[0031] Another method of registering a user 204 involves sending the user 204 a password. If the authentication server 208 has an address, phone number, or email address for the user 204, the authentication server 208 uses physical mail, phone, or email to send a password to the user 204. Then, the user 204 uses this password as an authentication mechanism, and uses this authentication mechanism to register any other authentication mechanisms.

[0032] Any registration process has some potential for compromise. A trusted registration agent 212 could be corrupted. A password communicated through mail, phone, or email could be intercepted. To help mitigate this risk, a registration server 206 determines a level of identity confirmation, which may include performing a combination of the methods described above. For example, suppose that the registration server 206 has a physical mail address and a social security number for each user 204 stored in the pre-existing user database 202. A user 204 initially authenticates himself through a social security number and registers an authentication mechanism. Then, the registration server 206 sends a password to the physical mail address for a higher level of identify confirmation.

[0033] Once a user 204 has registered an initial portfolio 210 of authentication mechanisms, he can register additional authentication mechanisms at any time. The user 204 can do this through any of the registration methods given above. For example, the user 204 could authenticate using one of the existing methods, and then add the new method. If the existing methods are all weaker forms of authentication than the new method, the user 204 may go to a registration agent 212 in person to register the new method.

[0034] After a user 204 has registered more than one authentication mechanism for his portfolio 210 of authentication mechanisms, he can correlate the authentication mechanisms together by authenticating by multiple methods at the same time.

[0035] For example, when a doctor, say Dr. David Ravell, is hired at a hospital, a human resources staff person, acting as registration agent 212, registers the doctor. The hospital obtains information about Dr. Ravell, such as his name, address, and employment number. He may also be given a private password for use only by the registration server 206. This information is then transferred to the registration server 206 and stored in the pre-existing user database 202. To register with the registration server 206, Dr. Ravell would enter his password. Suppose Dr. Ravell wants to register a fingerprint in addition. To do so, he enters a username, password, and a sample fingerprint, which are sent to the registration server 206. The registration server 206 authenticates Dr. Ravell with the password, and adds the fingerprint authentication to his portfolio 210. The registration server 206 sends Dr. Ravell email confirming the new registration. Dr. Ravell also wants to register a handheld computing device he uses when he does his rounds. The handheld computing device has a private-public key pair on it. Dr. Ravell contacts the registration server 206, authenticates with his password, and sends the public key to be added to his portfolio 210. Dr. Ravell also registers public keys stored on his home PC and his office PC. Dr. Ravell additionally registers stored passwords on his two-way pager and cell phone. Dr. Ravell periodically obtains reports indicating all of the authentication methods in his portfolio 210, so he can assure that they are all up to date, and that he is aware of all of them. One year later, Dr. Ravell finds that to use a new highly secure service, he must perform a higher level of identity verification. So, he takes his handheld device and identification papers to a registration agent 212, who identifies him and confirms that the public key on his handheld device is correct and that his fingerprint is correct. This information is sent to the registration server 206, which updates Dr. Ravell's information and sends the information to the authentication server 208. Five years later, Dr. Ravell receives an email message that said the hospital had installed retinal scan devices to secure entry to certain research labs that Dr. Ravell had access to. Dr. Ravell registers for the retinal scan devices by authenticating himself with his password and fingerprint and then submitting a sample retinal scan. He is able to enter the research lab later that day without having had to visit a registration agent. After registration, the doctor may use any and all of these devices during authentication when he performs a transaction, such as sending a prescription to an online pharmacy.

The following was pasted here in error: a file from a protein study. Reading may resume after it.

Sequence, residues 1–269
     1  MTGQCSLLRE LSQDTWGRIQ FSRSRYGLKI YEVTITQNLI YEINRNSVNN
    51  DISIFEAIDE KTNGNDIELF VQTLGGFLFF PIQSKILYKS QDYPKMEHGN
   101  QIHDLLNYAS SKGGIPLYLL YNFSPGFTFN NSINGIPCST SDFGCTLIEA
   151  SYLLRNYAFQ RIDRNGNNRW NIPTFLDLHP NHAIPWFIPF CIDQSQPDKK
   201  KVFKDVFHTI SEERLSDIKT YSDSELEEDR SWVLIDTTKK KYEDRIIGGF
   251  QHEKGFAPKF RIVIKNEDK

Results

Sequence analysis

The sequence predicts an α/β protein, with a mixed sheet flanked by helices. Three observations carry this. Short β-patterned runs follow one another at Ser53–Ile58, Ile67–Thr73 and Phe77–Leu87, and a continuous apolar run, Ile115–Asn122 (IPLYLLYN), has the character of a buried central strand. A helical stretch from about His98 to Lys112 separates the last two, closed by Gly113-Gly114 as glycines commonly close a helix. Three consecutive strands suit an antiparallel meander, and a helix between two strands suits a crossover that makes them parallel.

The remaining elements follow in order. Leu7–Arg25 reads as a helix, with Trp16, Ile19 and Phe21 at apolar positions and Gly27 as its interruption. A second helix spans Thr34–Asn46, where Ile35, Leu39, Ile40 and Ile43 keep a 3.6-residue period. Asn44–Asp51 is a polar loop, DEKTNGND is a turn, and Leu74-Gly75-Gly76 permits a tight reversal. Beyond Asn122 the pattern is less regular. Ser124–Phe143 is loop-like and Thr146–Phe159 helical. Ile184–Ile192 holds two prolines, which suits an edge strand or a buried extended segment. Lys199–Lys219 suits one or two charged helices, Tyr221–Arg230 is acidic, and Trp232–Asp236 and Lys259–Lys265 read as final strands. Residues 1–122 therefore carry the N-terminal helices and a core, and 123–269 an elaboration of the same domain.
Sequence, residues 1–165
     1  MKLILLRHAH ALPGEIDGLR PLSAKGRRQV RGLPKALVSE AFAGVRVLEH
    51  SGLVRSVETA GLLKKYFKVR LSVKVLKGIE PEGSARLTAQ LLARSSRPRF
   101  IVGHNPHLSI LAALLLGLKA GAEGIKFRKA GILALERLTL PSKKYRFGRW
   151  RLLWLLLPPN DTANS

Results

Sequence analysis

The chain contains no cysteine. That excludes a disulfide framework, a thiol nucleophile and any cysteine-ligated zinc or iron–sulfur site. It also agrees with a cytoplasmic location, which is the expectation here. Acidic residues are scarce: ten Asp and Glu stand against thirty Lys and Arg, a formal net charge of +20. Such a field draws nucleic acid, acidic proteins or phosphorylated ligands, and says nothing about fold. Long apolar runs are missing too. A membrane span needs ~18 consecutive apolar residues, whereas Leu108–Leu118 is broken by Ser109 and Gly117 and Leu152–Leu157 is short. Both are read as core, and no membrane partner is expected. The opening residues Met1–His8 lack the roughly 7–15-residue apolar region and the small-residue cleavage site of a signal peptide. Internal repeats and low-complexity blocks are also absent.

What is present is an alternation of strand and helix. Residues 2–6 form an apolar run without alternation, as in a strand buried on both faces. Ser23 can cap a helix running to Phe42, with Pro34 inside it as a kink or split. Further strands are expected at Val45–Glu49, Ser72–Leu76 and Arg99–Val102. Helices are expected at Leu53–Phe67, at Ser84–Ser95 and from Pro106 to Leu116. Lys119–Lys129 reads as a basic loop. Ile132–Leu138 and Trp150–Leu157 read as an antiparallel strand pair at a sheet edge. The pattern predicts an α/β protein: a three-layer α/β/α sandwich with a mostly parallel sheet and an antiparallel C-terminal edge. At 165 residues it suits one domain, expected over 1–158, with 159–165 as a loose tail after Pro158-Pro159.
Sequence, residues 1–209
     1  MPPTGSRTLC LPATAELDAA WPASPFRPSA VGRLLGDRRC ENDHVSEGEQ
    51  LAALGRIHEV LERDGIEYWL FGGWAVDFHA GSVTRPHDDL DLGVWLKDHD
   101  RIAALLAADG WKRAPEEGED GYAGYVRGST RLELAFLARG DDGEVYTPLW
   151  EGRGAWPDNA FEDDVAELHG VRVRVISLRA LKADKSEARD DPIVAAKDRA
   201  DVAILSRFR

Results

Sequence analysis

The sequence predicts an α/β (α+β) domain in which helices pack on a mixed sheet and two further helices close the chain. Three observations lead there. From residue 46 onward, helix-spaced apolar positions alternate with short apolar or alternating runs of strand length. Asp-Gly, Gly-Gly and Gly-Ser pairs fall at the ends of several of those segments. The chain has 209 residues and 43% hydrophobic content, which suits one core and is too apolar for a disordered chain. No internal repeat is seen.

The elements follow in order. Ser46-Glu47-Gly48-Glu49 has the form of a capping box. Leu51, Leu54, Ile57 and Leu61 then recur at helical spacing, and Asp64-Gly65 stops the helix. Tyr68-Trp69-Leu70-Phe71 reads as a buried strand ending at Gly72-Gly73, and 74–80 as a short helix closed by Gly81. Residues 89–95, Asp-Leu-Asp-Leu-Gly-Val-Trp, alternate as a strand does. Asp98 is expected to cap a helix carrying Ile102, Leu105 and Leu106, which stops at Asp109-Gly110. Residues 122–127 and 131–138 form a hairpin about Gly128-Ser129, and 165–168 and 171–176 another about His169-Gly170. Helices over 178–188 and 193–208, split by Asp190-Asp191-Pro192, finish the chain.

[0036]FIG. 3 is a block diagram of an example authentication system 300 for performing authorization and authentication methods. Authentication is initiated when the user 302 requests a service from a relying party 304 that requires authentication. Next, the relying party 304 sends information about the type of transaction that is requested to the authorization server 306. Then, the authorization server 306 determines a level of assurance for the transaction and communicates this to the authentication server 308.

[0037] Authentication is a process through which a user 302 (or a device to which the user 302 has access) communicates with the authentication server 308, and the authentication server 308 determines whether or not it is convinced of the identity of the user 302. To confirm the user's 302 identity, the authentication server 308 computes a level of assurance that indicates the degree to which the authentication server is assured of the identity of the user. The authentication server 308 provides the identity and the level of assurance as the output. Alternately, the authentication server 308 provides more detailed information about the authentication method(s) used and the results of the authentication method(s).